Wednesday, 25 September 2013

Henry VIII

During the reign of Henry VIII, between 1509 and 1547, an estimated 57,000 English subjects were beheaded. Henry VIII's reign was have been a particularly bloodthirsty one; by contrast, his daughter who was daubed 'Blood Mary' killed fewer than 300 people during her six years as queen.

It is not only the sheer volume of people who died at the hands of Henry VIII, but the controversy surrounding them that makes Henry's reign so notorious. Henry VIII was responsible for the English Reformation, a period of great change characterized by England's break from the Catholic Church. The trouble started when Henry tried to divorce his wife, Catherine of Aragon, after she failed to produce him a male heir to the throne. Henry claimed the marriage was illegitimate because Catherine was Henry's older brother's widow, however the Pope had originally given the permission to marry, and was not about to let them divorce.

What ensued was a political and religious fiasco. In the end, Henry cast out the Catholic Church and established himself as the head of the Church of England, God's representative on Earth. He divorced Cath­erine and married his mistress, Anne Boleyn, in the hopes of getting a son. In the process of achieving this single goal, Henry ordered the beheadings of some of the top political minds of the day, a few cardinals of the Church, at least one nun, a couple of his six wives, and countless members of the royal court who questioned the purity of his motives.

Of course, with tens of thousands of heads rolling, people were executed for a wide variety of crimes. In this blog I want to look at the ten most significant executions of Henry's reign, beginning with the beheadings he ordered immediately upon securing the throne. As one of his first acts as king, Henry ordered the executions of two of his father's top advisors, the notorious Edmund Dudley and Richard Empson in 1510.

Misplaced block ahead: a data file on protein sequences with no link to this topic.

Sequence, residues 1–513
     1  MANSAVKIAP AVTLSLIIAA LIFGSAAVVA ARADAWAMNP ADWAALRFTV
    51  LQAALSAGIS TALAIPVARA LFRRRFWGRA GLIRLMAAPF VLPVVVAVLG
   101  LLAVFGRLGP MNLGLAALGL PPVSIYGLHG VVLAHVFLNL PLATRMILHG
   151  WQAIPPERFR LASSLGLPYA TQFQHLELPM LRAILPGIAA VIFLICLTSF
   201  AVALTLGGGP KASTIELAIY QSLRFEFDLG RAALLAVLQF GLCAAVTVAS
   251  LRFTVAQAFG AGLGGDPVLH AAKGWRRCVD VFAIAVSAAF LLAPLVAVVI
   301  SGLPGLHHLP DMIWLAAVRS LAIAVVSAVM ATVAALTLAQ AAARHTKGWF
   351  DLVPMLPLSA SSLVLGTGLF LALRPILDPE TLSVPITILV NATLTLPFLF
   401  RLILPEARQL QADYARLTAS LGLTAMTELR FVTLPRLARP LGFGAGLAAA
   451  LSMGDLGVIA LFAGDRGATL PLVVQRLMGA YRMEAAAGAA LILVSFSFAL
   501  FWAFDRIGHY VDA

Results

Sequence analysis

Dudley and Empson were two of Henry VIII's unpopular father's tax collectors, blamed with impoverishing the Henry VII's subjects. The two men were claimed to have had stolen money  from subjects under the pretext of various taxes and fees. The people of England despised these men who were held responsible for Henry VII's policies. Immediately upon the death of Henry VII and succession of Henry VIII, the new king made a move to secure his popularity and his image as a king of the people. He found shaky evidence that Dudley and Empson had been embezzling money, his court found them guilty and Henry had them beheaded. They died in public executions in 1510.

Whilst Henry VIII began his reign as a popular monarch, he wasn't without powerful political enemies. Edmund de la Pole had a strong claim to the throne: he was the heir of King Richard III, who had died at the Battle of Bosworth against Henry Tudor. de la Pole was of York lineage, and whilst he had been imprisoned in 1506 Henry VIII had him executed in 1513 to secure his crown.

But that wasn't the end of the Yorks. Henry VIII faced serious opposition from another man, a popular noble and powerful politician, Edward Stafford, the Duke of Buckingham, who sealed his fate when he spoke too much of his claim to the English throne. Buckingham was a descendant of King Edward III and was very popular among the British people; he was seen as a great military leader, unlike Henry VIII. In 1521 rumours emerged of Stafford threatening Henry's kingship and Henry's top advisor at the time, the powerful Cardinal Wolsey, hated Stafford and therefore encouraged the king to take the accusations seriously. That year Henry had Stafford beheaded for treason. Henry VIII never faced another serious claim to his throne.